As an artist, Hebden channels a lifetime of influences, with an experimental grandeur echoed by few. Whether it be jazz, techno, psychedelia, or traditional Indian dance music that Hebden pulls in, his repertoire occupies a niche that is both uplifting and desolate, full of both darkness and light. His melodies are woven together as if their respective elements were concocted only to be synthesized by way of his imagination. Asked to articulate his work in an interview, Hebden tells The Guardian, “I want to be able to look back when I’m an old man and have these records tell a story,” Hebden tells The Guardian, when asked to articulate his work in an interview.
Fortunately, Hebden’s synthesis of both the ephemeral and more permanent is plentiful.
Hebden’s focus has been on the latter of the aforementioned as of late. He began to self-release his albums back in 2012 after a decade on Domino Records. In a rare interview with Rolling Stonein 2015, he expounded upon this decision:
“I had a child and time became very precious to me. I needed to eliminate the things that weren’t efficient: marketing stuff, interviews, strategy, promotion. I didn’t want to worry about that anymore. I just wanted to create the best possible stuff I could for the most hardcore and devoted fans. I could achieve so much on Twitter and social media that all that energy going to getting on the racks at Barnes & Noble was so trivial.”
He’s since delivered on his coyly set aforementioned goal with the release of his ninth studio album, New Energy. Its entire rollout is also by way of his own doing—marketing via socials, limited interviews, etc.
Though Hebden’s already teased out four of the fourteen tracks, New Energy’s serpentine instrumentation is a circuitous avoidance of sonic similarity, meditative and intricately-devised. Its tracks exude a panoptic enigma that is regenerated upon each new listen.
New Energy is a transcendent piece for Four Tet, as if the title hadn’t already served as some pre-indication. Albeit, the tracks themselves do not stray far from the Hebden that ascended the reigns of experimental dance music in the early 2000’s. It is with their implemented instrumentation, the record’s downtempo focus, and limited employment of minimal techno, rather, that the work differs from previous releases. But, that is also where NewEnergy shines.
On “Planet,” a seven-minute track released prior to the record, Four Tet echoes the cultural sentiments long intertwined with his music.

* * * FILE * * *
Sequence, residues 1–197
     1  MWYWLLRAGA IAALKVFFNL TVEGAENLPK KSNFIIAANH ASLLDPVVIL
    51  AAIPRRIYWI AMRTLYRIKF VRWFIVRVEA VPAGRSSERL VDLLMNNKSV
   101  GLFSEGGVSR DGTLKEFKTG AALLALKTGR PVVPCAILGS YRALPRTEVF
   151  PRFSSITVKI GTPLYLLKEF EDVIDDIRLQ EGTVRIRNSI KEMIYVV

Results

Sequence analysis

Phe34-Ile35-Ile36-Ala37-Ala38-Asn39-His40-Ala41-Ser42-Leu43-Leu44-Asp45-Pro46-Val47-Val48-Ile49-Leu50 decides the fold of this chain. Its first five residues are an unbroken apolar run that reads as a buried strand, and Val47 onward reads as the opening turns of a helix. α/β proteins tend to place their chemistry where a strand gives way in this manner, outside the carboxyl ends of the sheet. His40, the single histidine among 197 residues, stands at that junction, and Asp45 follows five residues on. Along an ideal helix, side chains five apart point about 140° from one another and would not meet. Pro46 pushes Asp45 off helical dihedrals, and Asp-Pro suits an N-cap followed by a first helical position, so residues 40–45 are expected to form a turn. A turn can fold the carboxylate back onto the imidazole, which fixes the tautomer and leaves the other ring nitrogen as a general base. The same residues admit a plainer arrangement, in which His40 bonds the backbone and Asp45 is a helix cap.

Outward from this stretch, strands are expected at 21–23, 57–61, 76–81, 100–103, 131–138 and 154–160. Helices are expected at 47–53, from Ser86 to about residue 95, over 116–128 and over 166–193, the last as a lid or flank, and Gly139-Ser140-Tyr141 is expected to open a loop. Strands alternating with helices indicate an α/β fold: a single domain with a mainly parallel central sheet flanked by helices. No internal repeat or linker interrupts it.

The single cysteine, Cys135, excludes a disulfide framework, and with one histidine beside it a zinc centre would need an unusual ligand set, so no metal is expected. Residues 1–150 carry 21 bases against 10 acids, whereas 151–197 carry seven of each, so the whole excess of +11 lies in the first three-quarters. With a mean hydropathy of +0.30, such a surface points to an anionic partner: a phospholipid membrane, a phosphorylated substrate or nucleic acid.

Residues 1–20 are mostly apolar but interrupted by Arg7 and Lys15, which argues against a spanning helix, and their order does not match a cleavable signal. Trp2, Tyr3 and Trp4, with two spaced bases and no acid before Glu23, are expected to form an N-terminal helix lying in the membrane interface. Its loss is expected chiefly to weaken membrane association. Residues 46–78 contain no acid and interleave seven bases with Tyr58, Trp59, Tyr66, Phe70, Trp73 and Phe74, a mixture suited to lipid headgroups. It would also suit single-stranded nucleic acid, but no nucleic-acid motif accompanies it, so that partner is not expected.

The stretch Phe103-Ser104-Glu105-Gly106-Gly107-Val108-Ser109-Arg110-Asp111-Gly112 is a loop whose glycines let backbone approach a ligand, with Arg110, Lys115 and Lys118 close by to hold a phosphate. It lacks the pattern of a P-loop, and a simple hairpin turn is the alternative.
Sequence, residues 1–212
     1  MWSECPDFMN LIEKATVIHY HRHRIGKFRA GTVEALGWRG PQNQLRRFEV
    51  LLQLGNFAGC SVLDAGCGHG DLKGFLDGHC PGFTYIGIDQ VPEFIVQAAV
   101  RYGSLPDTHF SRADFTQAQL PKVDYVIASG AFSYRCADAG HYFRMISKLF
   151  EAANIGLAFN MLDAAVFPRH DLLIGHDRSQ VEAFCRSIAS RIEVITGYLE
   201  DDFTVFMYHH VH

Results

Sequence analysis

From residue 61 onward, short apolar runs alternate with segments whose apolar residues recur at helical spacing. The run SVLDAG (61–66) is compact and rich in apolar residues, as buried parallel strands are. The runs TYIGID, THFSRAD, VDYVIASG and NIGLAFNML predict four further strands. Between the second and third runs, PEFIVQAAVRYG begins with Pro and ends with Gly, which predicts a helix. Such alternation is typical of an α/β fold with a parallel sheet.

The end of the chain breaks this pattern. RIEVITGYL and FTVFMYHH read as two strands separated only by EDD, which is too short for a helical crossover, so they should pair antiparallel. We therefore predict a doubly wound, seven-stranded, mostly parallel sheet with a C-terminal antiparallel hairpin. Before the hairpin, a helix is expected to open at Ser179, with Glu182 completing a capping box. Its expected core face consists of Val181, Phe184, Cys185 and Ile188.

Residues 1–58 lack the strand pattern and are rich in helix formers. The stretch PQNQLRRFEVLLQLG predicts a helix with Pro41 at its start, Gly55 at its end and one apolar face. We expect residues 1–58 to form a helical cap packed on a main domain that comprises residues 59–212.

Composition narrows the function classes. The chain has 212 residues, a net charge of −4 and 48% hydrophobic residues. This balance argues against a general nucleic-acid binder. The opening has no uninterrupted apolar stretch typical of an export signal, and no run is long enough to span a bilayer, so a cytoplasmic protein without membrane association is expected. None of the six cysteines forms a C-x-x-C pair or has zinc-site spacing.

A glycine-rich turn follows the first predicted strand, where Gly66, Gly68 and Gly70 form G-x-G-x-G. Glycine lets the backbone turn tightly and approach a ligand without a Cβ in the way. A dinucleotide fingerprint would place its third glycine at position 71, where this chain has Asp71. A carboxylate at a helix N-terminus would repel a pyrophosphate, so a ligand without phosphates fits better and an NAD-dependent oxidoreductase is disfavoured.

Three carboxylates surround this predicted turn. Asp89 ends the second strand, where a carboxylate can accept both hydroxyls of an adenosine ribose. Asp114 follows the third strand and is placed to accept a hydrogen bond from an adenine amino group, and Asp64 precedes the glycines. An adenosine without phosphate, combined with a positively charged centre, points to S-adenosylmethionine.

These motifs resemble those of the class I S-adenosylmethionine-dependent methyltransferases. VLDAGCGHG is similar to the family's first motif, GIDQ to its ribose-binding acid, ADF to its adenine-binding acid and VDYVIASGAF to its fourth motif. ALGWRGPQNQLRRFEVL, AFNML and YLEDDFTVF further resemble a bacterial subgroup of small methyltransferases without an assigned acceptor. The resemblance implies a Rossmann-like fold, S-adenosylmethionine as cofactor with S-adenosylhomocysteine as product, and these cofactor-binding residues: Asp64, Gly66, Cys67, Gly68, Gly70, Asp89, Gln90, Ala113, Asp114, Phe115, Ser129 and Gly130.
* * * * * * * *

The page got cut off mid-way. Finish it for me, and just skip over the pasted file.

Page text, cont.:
“Ba Teaches Yoga,” a track off the epochal Beautiful Rewind LP—which Hebden wrote after the passing of his grandmother— comes to mind when listening to the new “Planet.” “Planet” serves as the cultural forefront on New Energy, albeit in a newfound deliverance. It’s important to weigh in the placement of “Planet” as the final track of New Energy as well. One may posit that its use as an epilogue serves as a farewell to the culturally-lamented works and rather a homage to the cultural influence on his work.
This is not to say Hebden’s choice of an instrumental, downtempo focus on New Energy is a dismissal of his previous cultural sonic narrative. Perhaps a cultural-leaning deliverance was just what was exuded at a moment in his life. This has always been the way Four Tet’s created music and grown as an artist, after all, expounding upon what it is that he loves. In doing so, others may relish in a feeling or find an element that they too love.
Near the album’s end is the track “Daughter,” a number that intertwines a vast number of influences Hebden draws on. “Daughter” broods in its vocals, only to be met with an exquisite, delicate piano track underneath. The number is likely an outreach of Hebden’s desire to create long-lasting, momentous pieces. After all, there’s a child’s voice at the end. It’s likely a track that honors an element in his life that he is deeply fond of— his own kin.
New Energy is indeed Four Tet’s way of expounding on all of the elements of life he so deeply enjoys, created in the hopes that the listener may find new elements or cultures they themselves are fond of, too.
It has been eight long months of releases and teasers, but as of midnight EST on September 21, the wait for Illenium‘s sophomore album is finally over. Nick Miller, the man behind the productions, is undoubtedly known as one of the more prolific producers of our era, thanks to his consistent output and meteoric rise. While Miller has carved out the future bass genre and helped define its sound, this LP proves he has the ability to transcend genres and appeal to a wide variety of fan bases. This is no small feat that is becoming an increasingly difficult road to navigate as a producer in a day and age, where electronic music fan bases are becoming more fragmented as the industry continues to commercialized.
Awake will only further his prominence as a producer with its 13-tracks ranging from feel good music to intense bass laced drops. Miller even dabbles within the indie electronic genre, showcasing his ability to diversify his oeuvre while still maintaining his signature style.
There is no stronger start to an album than “Needed You” featuring Dia Frampton. The song, which is opens to flowing vocals that melt into an incredible bass drop, resonates in the listener’s mind far past the song’s close. The track combines Illenium’s mastery of mystical elements and sounds as well as powerful bass juxtaposed with unique vocals. Should there be one song selected to describe the tone for the entire album, “Needed You” could certainly vie for this position.